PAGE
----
Underneath the Archers. 30 January 2012

How a BBC Radio 4 institution got its PR so right. 

  

The Archers omnibus edition on Radio 4 on Sunday morning performs a quasi-religious role in my life. Don’t get me wrong, it’s far from spiritual and I’m not an Ambridge obsessive, but the weekly routine of listening in to the events in Borsetshire has taken on the role that can only be compared to a religious ritual.

It has similar loose rules of observance (you’ll soon catch up if you miss a few), the ritual is comforting, and the experience nearly always leaves me feeling a bit annoyed and frustrated at the time I have just wasted, and the people I have just experienced.

Yes, I accept, there’s a degree of masochism inferred here.

So, as I stared from my window at the turbulent Loch Fyne last Sunday listening to the problems encountered when you have badger sets on your land and the blossoming romance between Jim and Christine I was jolted awake by the mention of Public Relations! That horrific man, Brian Aldridge, calls in the experts to deal with the problems he and his colleagues at ‘BL’ (Borsetshire Land, for the uninitiated) are having over their plans to build and run a new intensive dairy unit on the company’s land.

It was remarkable for so many reasons. The primary one has to be the fact that Rufus, from Moynihan & Parker, Felpersham’s ‘top agency’, did not conform to the usual media or drama stereotype of being a cross between Max Clifford and Arthur Daley. He was grown-up, professional and gave good advice. I even found myself nodding involuntarily as he spoke and thinking how that’s exactly the advice I would give! I also rather admired his business acumen; he suggested multiple small, easily achievable ways of spreading the word but each of those ideas would be a chargeable service that I am sure, as Felpersham’s ‘top agency’, M&P would be drawing up a healthy invoice for.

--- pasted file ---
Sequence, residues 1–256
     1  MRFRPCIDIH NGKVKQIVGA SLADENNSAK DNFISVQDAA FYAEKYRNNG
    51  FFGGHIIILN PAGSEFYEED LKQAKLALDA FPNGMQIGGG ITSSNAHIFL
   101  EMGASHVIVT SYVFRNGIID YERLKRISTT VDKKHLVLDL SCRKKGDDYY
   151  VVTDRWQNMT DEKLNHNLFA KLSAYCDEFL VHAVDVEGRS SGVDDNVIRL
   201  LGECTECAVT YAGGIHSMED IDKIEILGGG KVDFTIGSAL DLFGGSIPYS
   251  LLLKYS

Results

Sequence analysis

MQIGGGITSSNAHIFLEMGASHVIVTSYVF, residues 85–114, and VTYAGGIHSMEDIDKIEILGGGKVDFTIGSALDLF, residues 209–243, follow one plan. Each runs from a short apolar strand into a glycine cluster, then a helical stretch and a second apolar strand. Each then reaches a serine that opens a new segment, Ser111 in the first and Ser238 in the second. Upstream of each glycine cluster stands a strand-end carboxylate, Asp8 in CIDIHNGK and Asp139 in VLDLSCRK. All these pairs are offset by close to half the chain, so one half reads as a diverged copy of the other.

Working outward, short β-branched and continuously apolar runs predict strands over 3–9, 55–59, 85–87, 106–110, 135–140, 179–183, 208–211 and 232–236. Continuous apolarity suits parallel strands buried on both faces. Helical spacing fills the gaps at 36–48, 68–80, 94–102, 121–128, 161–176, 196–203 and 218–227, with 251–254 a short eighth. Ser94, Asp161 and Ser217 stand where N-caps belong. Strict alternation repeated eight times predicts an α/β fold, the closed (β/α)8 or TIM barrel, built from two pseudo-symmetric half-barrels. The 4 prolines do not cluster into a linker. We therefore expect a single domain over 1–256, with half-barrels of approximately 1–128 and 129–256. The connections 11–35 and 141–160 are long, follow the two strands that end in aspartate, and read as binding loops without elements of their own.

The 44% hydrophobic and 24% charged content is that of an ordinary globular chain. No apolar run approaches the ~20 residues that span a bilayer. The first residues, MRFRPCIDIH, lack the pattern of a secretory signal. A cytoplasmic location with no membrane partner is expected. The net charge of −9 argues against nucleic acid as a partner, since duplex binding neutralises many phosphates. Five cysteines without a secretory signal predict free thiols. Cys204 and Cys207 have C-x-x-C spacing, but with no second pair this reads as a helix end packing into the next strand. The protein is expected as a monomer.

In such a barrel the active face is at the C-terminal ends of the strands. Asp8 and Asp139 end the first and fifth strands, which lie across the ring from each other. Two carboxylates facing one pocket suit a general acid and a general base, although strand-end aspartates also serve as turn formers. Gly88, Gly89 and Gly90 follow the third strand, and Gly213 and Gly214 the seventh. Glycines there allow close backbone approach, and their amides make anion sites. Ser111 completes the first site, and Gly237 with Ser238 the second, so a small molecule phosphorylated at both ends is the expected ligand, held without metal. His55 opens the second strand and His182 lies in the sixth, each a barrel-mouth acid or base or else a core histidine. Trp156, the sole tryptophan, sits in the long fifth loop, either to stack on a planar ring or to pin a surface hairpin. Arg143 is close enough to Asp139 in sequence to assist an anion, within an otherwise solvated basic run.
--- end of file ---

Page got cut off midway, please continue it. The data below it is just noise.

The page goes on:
The Archers has always prided itself on its thorough research and this storyline is no exception. This scene was plausible and real. There was lots of common sense, a bit of psychology, and a ‘feet on the ground’ understanding of the real world – all of which I like to believe are the hallmarks of a good PR professional. Might this be the best PR the PR industry could ever have wished for? When I meet someone and answer the inevitable question with ‘I’m a publicist’ will I no longer get a blank look? Is Rufus the new mentor? The new hero-figure?

The ultimate gratification came though as Brian succumbed to the temptation that so many clients do. Having been given lots of good advice and agreed a time sensitive, proactive campaign which made it feel easy and manageable, he then used the confidence gained from the meeting to go out and try to do it himself! I hope we’ll hear more from Rufus as he tries to unpick Brian’s clumsy attempts at public relations.  

Ryan Petersen


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